I think we managed it.
I think mum would have been delighted by yesterday. Even copies of her book sold out! ‘Really mum you want to sell your book at your funeral, will people actually want to buy it?’ Yes she did and yes they did.
Every single person she asked came and did what she wanted. Which pretty much matched the way things happened when she was alive!
The ceremony in the wood was quick, heartfelt and private. Even the technology playing up (the Bluetooth speaker connecting to the wrong phone) was well within her expectations.
The celebration at the Cut Arts centre really did feel happily like the cultural event she envisioned with music, poetry and singing. But it also allowed for many heartfelt tributes. Even the ‘warts and all’ one she had asked for whoch acknowledged that her buldozing tactics didnt always endear her to people.
But in general the picture that emerged was consistent. Mum’s unique capacity to use charm, cunning and strategy to bend the world to her will and make wonderful things happen. She was as subtle as a sledgehammer, with a kind of Jedi Mind control that meant when you opened your mouth to say no you found yourself saying yes. But her real gift was that you found yourself being flattered and grateful that she wanted your help. That she allowed you to share in her sense of achievement aand pride, that she lead by example, was fun and mischievous to work with, always ready to help others when she could and always genuinely grateful for what people did. Even to the end.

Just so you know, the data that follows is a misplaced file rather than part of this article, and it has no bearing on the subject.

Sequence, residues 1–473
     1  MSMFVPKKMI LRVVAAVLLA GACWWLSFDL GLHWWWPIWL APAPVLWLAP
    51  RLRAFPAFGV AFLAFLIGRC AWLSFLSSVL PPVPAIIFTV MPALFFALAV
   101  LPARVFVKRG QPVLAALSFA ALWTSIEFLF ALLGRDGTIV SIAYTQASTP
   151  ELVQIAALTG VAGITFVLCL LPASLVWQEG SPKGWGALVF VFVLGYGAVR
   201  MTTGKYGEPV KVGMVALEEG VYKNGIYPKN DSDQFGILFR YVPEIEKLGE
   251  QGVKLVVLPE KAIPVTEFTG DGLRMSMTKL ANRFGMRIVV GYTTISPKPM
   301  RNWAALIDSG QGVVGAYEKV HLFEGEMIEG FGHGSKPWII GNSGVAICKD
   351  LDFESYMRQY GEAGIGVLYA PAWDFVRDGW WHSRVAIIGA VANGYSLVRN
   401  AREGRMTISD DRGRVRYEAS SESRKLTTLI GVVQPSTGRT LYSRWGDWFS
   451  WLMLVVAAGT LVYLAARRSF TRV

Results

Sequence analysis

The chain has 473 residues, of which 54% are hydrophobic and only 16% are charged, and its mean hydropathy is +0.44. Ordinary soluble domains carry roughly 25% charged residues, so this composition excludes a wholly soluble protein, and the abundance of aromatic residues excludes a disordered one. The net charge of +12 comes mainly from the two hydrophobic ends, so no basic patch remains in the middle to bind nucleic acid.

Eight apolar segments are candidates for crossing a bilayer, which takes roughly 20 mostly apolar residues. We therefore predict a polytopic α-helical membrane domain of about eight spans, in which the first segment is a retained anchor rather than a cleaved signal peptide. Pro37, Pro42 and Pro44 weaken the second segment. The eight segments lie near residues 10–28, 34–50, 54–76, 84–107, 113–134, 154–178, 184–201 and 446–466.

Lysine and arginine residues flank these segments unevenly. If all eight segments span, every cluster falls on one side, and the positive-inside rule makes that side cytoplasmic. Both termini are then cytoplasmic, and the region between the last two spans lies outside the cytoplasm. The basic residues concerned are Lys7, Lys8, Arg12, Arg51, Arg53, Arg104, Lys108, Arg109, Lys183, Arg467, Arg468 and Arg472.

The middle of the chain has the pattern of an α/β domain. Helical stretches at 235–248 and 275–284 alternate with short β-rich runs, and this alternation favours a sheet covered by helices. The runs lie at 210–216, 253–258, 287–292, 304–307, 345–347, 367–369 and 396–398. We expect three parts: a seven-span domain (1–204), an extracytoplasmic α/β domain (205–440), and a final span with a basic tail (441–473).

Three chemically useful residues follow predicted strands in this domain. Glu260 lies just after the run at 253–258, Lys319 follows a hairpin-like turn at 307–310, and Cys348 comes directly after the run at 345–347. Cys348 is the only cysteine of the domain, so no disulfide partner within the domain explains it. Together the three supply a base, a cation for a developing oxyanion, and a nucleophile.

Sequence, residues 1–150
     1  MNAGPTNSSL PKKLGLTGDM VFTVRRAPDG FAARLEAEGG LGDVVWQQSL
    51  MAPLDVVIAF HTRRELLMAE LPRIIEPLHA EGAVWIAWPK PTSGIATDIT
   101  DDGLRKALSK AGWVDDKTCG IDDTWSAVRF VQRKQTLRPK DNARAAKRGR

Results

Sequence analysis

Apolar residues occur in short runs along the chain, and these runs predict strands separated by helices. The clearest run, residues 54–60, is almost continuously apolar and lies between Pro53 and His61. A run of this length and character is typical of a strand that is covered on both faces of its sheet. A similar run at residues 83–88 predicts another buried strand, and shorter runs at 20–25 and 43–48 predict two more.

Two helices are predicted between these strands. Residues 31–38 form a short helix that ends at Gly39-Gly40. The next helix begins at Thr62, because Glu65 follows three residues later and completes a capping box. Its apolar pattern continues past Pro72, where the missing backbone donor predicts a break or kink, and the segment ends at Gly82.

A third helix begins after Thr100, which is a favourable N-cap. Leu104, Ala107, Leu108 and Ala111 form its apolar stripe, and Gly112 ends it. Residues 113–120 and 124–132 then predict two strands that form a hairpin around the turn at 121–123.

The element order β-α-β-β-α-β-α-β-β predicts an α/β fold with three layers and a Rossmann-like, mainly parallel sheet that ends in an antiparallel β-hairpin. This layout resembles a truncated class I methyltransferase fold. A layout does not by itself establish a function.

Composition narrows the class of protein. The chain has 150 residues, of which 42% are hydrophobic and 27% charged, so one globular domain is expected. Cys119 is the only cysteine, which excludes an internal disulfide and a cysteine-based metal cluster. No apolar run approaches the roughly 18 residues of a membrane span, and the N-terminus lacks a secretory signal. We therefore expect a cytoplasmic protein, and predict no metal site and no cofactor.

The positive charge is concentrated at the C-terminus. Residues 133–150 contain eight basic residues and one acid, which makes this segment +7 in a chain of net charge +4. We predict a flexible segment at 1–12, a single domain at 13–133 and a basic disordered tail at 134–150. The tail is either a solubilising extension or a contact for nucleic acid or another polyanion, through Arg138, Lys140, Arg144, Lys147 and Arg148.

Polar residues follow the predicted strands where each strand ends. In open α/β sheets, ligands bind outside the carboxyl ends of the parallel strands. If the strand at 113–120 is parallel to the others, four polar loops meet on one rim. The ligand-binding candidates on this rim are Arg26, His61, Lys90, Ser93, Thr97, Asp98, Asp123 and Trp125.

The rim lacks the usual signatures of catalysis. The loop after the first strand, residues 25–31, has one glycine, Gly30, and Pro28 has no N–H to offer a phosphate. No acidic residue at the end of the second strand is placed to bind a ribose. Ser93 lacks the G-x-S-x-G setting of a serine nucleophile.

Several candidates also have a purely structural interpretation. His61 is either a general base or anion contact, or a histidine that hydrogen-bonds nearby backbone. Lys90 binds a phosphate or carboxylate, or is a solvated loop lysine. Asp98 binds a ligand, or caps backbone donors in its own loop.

The auditorium was full, The tributes heartfelt. It was wonderful to feel the affection that people not only felt for her but extended to our family. I felt intense pride in being part of my family: my amazing kids creativity in writing and music, my nieces in art and poetry. I don’know how on earth my Dad got through his beautifully written tribute that successfully navigated between laughter and tears. Especially how he managed to dekiver the gut wrenching statement that, with Mum’s death, the best of his life was behind him. My sisters speech was clearly and engagingly delivered: not surprisingly as she is an accomplished public speaker: often on the TV, or delivering addresses to large conferences. It was well crafted, humourous, concrete and detailed: the handmade presents and the painstaking Christmas rituals.
Then afterwards ukuleles, sparkling wine, trays of cake and so many, too many really people I wanted to talk to. People who were important to mum and spanned the breadth and length of her life. People I know she would have wanted there and wanted to thank for all they did for her. Her awesome endlessly helpful and patient gardener, the guy who made so many things around our house and Halesworth, the man who helped her bury our dog and made the garden in our Reydon house so magical.